Tag Archives: Emergency management

FEMA offers daily email briefings on weather, emergency conditions

One of the first emails I check out each morning is the “FEMA Daily Operations Briefing” issued by the Federal Emergency Management Agency. At a glance, I get an idea of significant weather events and emergency activities across the country.

Often, I see nothing that seems significant to me, and I move on to other email. But if something stands out, I click on the link that takes me to the full briefing in PDF format.

Today’s forecast. // Map: FEMA

This morning’s report, for example, told me that flash floods had occurred in various areas of the country and that dry thunderstorms were seen in parts of Oregon, California, Nevada and Idaho. Up until then, daily briefings included warnings that such events were about to occur.

The daily reports also include significant events, such as a non-injury train derailment and evacuation in Pennsylvania; tropical weather that could be a precursor to hurricanes and cyclones; space weather that could trigger aurora borealis; earthquakes; and disaster declarations.

The full daily briefing is also my shortcut to national weather maps with one-, two- and three-day forecasts for ordinary weather, as well as potential “severe” weather outlooks. I think the page should include a link to a more complete explanation of the colors used on the maps, but that information can be found on the website of the National Weather Service’s Storm Prediction Center.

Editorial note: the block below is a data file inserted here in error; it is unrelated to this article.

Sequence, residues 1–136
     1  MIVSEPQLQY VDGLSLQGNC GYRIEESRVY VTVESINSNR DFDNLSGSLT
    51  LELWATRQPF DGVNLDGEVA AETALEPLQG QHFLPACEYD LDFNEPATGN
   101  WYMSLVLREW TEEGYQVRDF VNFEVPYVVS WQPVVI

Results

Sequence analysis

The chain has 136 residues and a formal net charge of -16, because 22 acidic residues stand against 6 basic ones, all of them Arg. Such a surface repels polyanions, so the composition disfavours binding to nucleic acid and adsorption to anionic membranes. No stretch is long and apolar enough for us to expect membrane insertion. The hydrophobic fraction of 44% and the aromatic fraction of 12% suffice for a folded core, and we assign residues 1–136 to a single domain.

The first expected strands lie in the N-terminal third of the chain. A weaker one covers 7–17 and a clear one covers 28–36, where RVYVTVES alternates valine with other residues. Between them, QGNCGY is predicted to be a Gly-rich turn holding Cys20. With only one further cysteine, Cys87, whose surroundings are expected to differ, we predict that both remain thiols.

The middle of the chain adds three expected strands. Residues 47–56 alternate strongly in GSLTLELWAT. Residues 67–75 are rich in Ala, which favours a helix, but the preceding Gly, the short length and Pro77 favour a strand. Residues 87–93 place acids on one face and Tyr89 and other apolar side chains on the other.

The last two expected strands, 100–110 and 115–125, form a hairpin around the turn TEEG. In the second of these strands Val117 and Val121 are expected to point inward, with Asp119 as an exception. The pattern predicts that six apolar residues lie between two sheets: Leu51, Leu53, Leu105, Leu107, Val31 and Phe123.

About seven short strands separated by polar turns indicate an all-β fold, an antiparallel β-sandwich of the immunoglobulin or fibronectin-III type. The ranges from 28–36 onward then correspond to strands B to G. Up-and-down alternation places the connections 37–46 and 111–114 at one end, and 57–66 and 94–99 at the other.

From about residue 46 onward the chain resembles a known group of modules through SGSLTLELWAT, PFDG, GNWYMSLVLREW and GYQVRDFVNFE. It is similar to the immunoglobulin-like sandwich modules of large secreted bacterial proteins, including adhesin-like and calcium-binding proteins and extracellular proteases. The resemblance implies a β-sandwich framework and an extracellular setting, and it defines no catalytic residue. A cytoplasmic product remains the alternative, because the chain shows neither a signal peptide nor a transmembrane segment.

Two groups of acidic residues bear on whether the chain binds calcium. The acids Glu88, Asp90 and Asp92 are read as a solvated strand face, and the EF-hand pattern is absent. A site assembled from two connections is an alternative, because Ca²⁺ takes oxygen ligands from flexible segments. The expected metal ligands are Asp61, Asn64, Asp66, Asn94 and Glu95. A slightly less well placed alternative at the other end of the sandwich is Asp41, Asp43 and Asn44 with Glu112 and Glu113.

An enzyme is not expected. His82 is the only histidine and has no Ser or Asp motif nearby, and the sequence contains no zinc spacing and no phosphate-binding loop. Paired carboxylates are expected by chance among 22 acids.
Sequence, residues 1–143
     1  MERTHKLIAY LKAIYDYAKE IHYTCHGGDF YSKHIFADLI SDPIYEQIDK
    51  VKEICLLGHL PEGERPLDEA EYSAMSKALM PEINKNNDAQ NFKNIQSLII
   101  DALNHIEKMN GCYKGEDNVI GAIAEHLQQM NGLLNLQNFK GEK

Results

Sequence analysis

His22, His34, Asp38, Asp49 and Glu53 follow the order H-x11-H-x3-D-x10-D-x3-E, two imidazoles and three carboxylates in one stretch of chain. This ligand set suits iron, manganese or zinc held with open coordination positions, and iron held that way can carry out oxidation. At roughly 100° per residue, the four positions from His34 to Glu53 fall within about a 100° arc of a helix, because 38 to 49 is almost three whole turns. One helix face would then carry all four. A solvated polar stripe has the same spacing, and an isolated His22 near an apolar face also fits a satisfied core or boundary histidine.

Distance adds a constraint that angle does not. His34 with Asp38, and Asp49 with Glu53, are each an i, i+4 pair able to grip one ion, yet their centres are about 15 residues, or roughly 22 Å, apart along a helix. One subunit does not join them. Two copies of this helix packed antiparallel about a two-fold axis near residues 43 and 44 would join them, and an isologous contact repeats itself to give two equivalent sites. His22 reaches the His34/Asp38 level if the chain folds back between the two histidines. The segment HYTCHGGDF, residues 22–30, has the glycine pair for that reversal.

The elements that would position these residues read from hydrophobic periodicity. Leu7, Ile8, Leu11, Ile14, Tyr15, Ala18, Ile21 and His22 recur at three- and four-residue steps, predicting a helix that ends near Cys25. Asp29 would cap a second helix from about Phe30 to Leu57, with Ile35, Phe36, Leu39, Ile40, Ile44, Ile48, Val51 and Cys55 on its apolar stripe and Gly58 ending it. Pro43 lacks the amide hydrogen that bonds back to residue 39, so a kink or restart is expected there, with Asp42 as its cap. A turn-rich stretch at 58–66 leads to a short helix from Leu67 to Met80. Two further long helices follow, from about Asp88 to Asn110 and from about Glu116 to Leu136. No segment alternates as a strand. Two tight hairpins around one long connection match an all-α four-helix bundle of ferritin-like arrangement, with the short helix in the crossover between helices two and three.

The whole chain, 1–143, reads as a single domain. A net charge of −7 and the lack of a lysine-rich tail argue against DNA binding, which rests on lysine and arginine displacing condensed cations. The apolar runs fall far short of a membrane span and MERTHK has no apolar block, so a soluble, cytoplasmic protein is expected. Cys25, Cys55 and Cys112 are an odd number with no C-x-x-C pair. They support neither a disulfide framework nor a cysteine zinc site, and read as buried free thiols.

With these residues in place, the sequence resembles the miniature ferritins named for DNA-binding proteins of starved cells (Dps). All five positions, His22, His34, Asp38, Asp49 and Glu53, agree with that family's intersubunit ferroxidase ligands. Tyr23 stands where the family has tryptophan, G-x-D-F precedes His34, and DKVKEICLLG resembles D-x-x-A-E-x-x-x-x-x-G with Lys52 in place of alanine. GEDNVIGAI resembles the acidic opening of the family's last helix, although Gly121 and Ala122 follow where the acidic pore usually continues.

Daily reports from the past four years can be located in an online archive on FEMA’s website.

I thought readers of this blog might be interested in this daily briefing. Anyone can receive the briefings along with other information available by email by signing up on FEMA’s email-delivery page. Just scroll down and check “FEMA Daily Operations Briefing.”

While I’m on the subject of FEMA, I should mention the mobile app for smart phones, which includes the option to receive weather alerts for up to five counties in the U.S. along with different kinds of information. You can read about the app on the FEMA website.

Earthquake: What will it take to get ready, and why should I prepare?

Store plenty of water. That’s my first bit of advice for earthquake preparedness. I suggest storing water for drinking — enough to last a week — and maybe some extra water for washing and cleaning.

If we’re going to prepare for an earthquake, let’s prepare for a big one. Then we’ll be ready for smaller ones or even severe storms with the potential to isolate us. Getting ready for an emergency can help reduce the anxiety of thinking about a long power outage, broken water pipes and other damage. Do what you can, then realize that recovery will come, though it could take time.

The 6.8-magnitude Nisqually quake, centered near Olympia in 2001, caused extensive damage to Highway 302 on the Kitsap Peninsula. But that quake could be considered small compared to what might result from a quake on the shallow Seattle fault. Kitsap Sun file photo
The 6.8-magnitude Nisqually quake, centered near Olympia in 2001, caused extensive damage to Highway 302 on the Kitsap Peninsula. But that quake could be considered small compared to what might result from a quake on the shallow Seattle fault.
Kitsap Sun file photo

If you would rather ignore the dangers, I guess that’s one option for dealing with this kind of anxiety. But it could be a costly approach, one ultimately filled with regret.

I recently had the privilege to be part of a team of reporters who wrote about the effects of a 7.2-magnitude earthquake along the Seattle fault. If you haven’t read the stories in the Kitsap Sun, I urge you to take a look at “The Danger Below Us.”